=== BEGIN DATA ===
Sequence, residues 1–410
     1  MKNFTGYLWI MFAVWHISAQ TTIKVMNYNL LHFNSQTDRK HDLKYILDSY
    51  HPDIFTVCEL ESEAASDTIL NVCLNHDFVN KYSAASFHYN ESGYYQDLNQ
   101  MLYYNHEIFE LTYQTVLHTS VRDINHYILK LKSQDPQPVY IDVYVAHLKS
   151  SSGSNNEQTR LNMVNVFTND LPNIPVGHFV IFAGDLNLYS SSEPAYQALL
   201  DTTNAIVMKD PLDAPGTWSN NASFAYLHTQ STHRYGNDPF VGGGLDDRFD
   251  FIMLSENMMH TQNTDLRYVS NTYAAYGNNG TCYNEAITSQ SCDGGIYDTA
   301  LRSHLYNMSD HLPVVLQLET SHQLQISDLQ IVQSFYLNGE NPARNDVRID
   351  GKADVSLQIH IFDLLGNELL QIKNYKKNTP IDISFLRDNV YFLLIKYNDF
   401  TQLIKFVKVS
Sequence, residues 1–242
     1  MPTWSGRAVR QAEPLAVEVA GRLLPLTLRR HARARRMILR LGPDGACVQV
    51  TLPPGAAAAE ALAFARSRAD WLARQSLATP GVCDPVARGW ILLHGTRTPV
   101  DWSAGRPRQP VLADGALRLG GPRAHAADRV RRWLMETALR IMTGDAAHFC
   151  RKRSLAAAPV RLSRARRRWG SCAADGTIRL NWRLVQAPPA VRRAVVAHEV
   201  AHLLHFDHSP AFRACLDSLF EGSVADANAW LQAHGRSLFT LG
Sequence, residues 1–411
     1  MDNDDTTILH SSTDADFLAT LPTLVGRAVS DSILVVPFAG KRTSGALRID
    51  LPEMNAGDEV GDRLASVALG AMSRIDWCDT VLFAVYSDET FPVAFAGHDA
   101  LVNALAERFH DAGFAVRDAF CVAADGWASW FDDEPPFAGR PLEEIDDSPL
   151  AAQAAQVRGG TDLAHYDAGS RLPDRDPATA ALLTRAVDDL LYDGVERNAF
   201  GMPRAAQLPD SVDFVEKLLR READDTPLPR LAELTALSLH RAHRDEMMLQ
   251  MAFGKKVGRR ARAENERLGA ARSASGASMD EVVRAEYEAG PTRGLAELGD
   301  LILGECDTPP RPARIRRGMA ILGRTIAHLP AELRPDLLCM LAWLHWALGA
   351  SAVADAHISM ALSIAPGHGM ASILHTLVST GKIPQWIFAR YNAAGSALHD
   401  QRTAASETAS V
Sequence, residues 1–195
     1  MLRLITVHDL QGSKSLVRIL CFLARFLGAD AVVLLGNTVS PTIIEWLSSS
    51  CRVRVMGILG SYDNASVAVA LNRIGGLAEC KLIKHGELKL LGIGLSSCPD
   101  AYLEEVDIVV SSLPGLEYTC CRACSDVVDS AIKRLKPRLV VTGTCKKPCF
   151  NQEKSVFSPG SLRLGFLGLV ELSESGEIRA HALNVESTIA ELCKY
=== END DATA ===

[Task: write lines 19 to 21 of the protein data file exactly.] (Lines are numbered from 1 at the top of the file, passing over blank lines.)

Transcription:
    51  LPEMNAGDEV GDRLASVALG AMSRIDWCDT VLFAVYSDET FPVAFAGHDA
   101  LVNALAERFH DAGFAVRDAF CVAADGWASW FDDEPPFAGR PLEEIDDSPL
   151  AAQAAQVRGG TDLAHYDAGS RLPDRDPATA ALLTRAVDDL LYDGVERNAF